Why do the pints taste so good here? It's not an accident it's excellence from 'Gas to Glass'.
Draught beer is like love. It takes perfect chemistry.
The three most important components to pouring the perfect draught pint are Temperature, Pressure and Gas Mix. If the beer is too warm it will expel CO2 and pints will overfoam. That’s why we keep the keg room between 36 and 38 degrees and our Glycol lines are kept between 29 and 32 degrees. (If you know what a Glycol line is drink now.) The beer comes out of the taps at right around 39 degrees- even the Guinness.
The PSI (Pounds of Pressure Per Square Inch) is very important to ensure that draught comes out of the tap smoothly. If the pint comes out too fast it will foam up and detract from the quality of the pint. Good flow allows for the pint to be poured with good head, which is very important to the longevity of your pint’s quality.
The wrong mix of carbon dioxide and nitrogen will kill a great beer. There's a pretty complex system of regulators to make sure the gas mix is just right each type of beer we serve - lagers, ales and of course Guinness. We even sometimes use a nitrogen generator- it actually generates the necessary nitrogen right out of the air and pumps it into the beer system- it's pretty cool.
Cleanliness is next to Guinnessness.
Clean Lines are very important to the quality of beer that you drink. Some pubs never clean their lines- if you have had a poor tasting pint (especially a Guinness) its most likely because the lines that carry the beer are dirty (deposits, sediments and other gunk created by beer).
Many places will clean their lines once a month. It's not uncommon for us to clean our lines every 2-3 weeks to make sure that the beer we pour for you is as clean as it can be and tastes fresh. During the cleaning process, we will regularly spill more pints than many places serve in a day just to make sure the lines are as clean as they can be.
We love beer. More importantly, we love fresh beer.
We go above and beyond the industry norms to ensure you get the freshest pint possible. Every keg that comes to the pub is checked in and the date is examined. If the 'best by' date is not right we send it back. Our standards for keg dates and fresh product exceed the standards set by our European brewers.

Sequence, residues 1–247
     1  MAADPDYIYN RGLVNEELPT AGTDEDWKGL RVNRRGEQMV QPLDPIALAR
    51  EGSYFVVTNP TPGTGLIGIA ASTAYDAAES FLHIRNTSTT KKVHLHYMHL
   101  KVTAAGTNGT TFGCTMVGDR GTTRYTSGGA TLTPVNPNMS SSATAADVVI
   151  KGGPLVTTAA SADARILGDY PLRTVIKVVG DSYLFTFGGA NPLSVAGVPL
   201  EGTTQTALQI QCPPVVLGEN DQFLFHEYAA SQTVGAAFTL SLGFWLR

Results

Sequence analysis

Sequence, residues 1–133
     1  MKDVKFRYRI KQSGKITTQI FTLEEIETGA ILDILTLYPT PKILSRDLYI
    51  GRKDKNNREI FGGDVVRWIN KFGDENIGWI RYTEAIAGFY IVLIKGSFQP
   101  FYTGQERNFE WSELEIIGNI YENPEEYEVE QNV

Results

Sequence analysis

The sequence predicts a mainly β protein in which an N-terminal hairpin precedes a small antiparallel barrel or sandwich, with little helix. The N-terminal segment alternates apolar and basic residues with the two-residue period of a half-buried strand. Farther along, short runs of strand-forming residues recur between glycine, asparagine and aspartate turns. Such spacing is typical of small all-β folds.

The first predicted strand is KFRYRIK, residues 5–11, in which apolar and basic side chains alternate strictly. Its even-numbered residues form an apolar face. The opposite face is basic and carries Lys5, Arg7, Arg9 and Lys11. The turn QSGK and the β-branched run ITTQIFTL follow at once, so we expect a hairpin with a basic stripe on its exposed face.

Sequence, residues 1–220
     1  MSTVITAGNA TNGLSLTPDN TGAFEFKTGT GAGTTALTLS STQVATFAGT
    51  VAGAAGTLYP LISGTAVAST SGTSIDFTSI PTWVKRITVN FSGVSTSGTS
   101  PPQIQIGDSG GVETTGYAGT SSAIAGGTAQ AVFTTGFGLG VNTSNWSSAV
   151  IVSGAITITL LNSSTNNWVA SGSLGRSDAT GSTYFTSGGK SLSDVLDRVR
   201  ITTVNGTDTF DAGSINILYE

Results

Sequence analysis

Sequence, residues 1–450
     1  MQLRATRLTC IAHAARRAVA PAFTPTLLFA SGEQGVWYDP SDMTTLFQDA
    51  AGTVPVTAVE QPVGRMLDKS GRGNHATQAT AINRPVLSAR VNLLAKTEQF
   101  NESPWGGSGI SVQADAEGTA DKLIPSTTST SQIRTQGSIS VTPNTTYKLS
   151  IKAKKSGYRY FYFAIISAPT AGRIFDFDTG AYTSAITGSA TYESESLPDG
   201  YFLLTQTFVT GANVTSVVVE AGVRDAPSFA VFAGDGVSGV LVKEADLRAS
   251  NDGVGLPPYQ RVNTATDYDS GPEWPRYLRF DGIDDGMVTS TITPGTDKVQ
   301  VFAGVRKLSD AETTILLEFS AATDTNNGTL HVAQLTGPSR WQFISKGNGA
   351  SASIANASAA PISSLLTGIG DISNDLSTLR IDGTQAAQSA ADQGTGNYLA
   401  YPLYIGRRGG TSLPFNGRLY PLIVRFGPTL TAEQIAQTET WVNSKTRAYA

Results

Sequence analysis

Once a new, fresh keg is delivered to our storeroom, each keg is rotated. This rotation ensures that no keg is sitting in the cold room for too long.
If the glass fits, drink from it.
Glassware and how it is cleaned and stored is very important to the overall quality of the pint. All beers react, pour and taste differently depending on the glass they are poured into. Each glass you see in the Pub is designed specifically to house its beer.
Lagers (like Stella Artois) are more delicate, so they often come in glasses with a tapered top to help hold the head better. Ale (like Smithwick's) glasses are often wider because they don't need help with head retention and they are able to better show off their color.
We make sure that Guinness is served in a Guinness glass, Harp is served in a Harp glass, Stella is served in a Stella chalice and so on. This means that you get a fresh pint, served as it was intended to be.
Maintaining glassware correctly is critical to the taste of your pint. Our pint glasses are not just
clean, they are what we call 'beer clean'. That means all of the invisible impurities that exist on a pint glass have been stripped during our cleaning process.
Pint glasses are never cleaned with anything that has dairy in it (like a coffee cup or Irish coffeeglass). Nor are they every cleaned in a machine that regularly cleans food or dairy items (like back in the kitchen).The reason for this attention to detail is dairy products will leave permanent impurities on a glass-it's almost impossible to get the glass 'beer clean' again.
As a result, we'll often just throw a glass away if it has come into contact with dairy products.
And, a cigarette? Forget about it- throw a butt in a pint glass and you can never get it properly clean again. The glass has to go.
As you drink your pint, you should notice a nice 'lacing' of foam around the glass. It's an easy way to confirm you are in fact 'beer clean'.
A proper head is key to a perfect pint.
Different brands have different pouring rituals. Much of the ritual is performed to make sure your pint has a proper collar of foam, or head. The head of pint is a protective crown that locks in the freshness and taste and helps concentrate the aromas from the pint.
Once air starts to get into your pint, it begins to lose its freshness and taste. The head protects your pint from the air destroying the taste.Some pints, like Guinness, add head naturally; we use special faucets on our taps that allow us to add head to pints that don't create it naturally.
We also use scrapers to get rid of excess bubbles that will break down the head. The scraper is left in water; this acts as a protective film, keeping the head consistent down to the last drop.